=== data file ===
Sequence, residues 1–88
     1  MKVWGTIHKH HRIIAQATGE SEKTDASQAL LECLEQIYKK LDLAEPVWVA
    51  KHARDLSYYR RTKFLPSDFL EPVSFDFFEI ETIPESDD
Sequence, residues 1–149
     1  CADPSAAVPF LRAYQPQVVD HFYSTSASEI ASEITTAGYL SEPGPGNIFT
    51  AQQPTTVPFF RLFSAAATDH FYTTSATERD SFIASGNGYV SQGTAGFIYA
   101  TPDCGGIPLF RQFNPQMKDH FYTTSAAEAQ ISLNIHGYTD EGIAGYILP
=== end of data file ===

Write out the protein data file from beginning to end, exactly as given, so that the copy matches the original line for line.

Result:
Sequence, residues 1–88
     1  MKVWGTIHKH HRIIAQATGE SEKTDASQAL LECLEQIYKK LDLAEPVWVA
    51  KHARDLSYYR RTKFLPSDFL EPVSFDFFEI ETIPESDD
Sequence, residues 1–149
     1  CADPSAAVPF LRAYQPQVVD HFYSTSASEI ASEITTAGYL SEPGPGNIFT
    51  AQQPTTVPFF RLFSAAATDH FYTTSATERD SFIASGNGYV SQGTAGFIYA
   101  TPDCGGIPLF RQFNPQMKDH FYTTSAAEAQ ISLNIHGYTD EGIAGYILP